Cryptography Asked by Kaa on December 31, 2021

I use an encryption scheme based on a symmetric cipher, with the corresponding symmetric key encrypted with RSA/OAEP using the public RSA key of the recipient.

I now want to use ECC crypto in replacement of RSA. Looking at the openssl API I can see that there is no RSA equivalent ECC encryption of a key, but only key derivation.

As the same symmetric key has to be encrypted for several different recipients, each of them owning its own encryption public ECC key, I can’t directly use the derived key as the symmetric key.

So I am considering doing this:

- create a "one time" ECC key pair,
- derive a shared secret with this key and the recipient public key,
- xor the symmetric key with the derived shared secret, ensuring that the latter is at least as long as the symmetric key,
- sign the public part of the "one time" ECC key and transmit it along with the xor encrypted symmetric key so the recipient will be able to decrypt it.

I think that using xor encryption here is safe as:

- the derived shared secret is supposed to be random looking and will never be reused, as one of the keys used for derivation is a one time key,
- the derived shared secret is at least as long as the xor-ed content.

But maybe have I missed something?

It sounds like you're looking to implement something very similar to what was asked about here, with the addition of a signature of the ephemeral public key. But as poncho's answer points out, the potential malleability of the XORed key and the ciphertext could potentially pose some problems. The way the shared secret is derived may also introduce the possibility for issues here, though following the ECIES method with a KDF should help.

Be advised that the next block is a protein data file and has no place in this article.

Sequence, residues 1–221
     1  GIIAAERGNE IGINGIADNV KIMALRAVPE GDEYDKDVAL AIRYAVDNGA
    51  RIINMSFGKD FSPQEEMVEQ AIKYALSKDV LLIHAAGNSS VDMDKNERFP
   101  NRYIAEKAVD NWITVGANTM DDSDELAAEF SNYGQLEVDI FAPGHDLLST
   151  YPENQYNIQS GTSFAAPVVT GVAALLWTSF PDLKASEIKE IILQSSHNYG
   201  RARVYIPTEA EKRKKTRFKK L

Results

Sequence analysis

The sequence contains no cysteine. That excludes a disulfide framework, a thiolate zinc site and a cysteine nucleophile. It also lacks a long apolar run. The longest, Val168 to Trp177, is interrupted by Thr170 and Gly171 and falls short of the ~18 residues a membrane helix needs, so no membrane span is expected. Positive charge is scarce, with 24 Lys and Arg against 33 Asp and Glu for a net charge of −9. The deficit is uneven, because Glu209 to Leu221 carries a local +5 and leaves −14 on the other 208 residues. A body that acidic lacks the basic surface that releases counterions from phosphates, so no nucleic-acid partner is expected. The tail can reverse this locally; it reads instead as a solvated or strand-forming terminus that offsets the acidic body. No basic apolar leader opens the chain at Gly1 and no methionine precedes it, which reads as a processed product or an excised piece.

For the sake of differentiating this question from Maarten Bodewes's question, I'll assume you're more interested in replacing your existing scheme than implementing exactly what you've described. One potential option to consider to using standard ECIES (using an ephemeral key and KDF to generate a new symmetric key) to encrypt the symmetric key of your original data. This would certainly have both some computational and size overhead, but should achieve your goal.

Here you could still sign the ECIES output (or probably just the ephemeral public key) if that authentication is important to your system. But if you can afford the overhead that might be a safer/less experimental approach.

Answered by thesquaregroot on December 31, 2021

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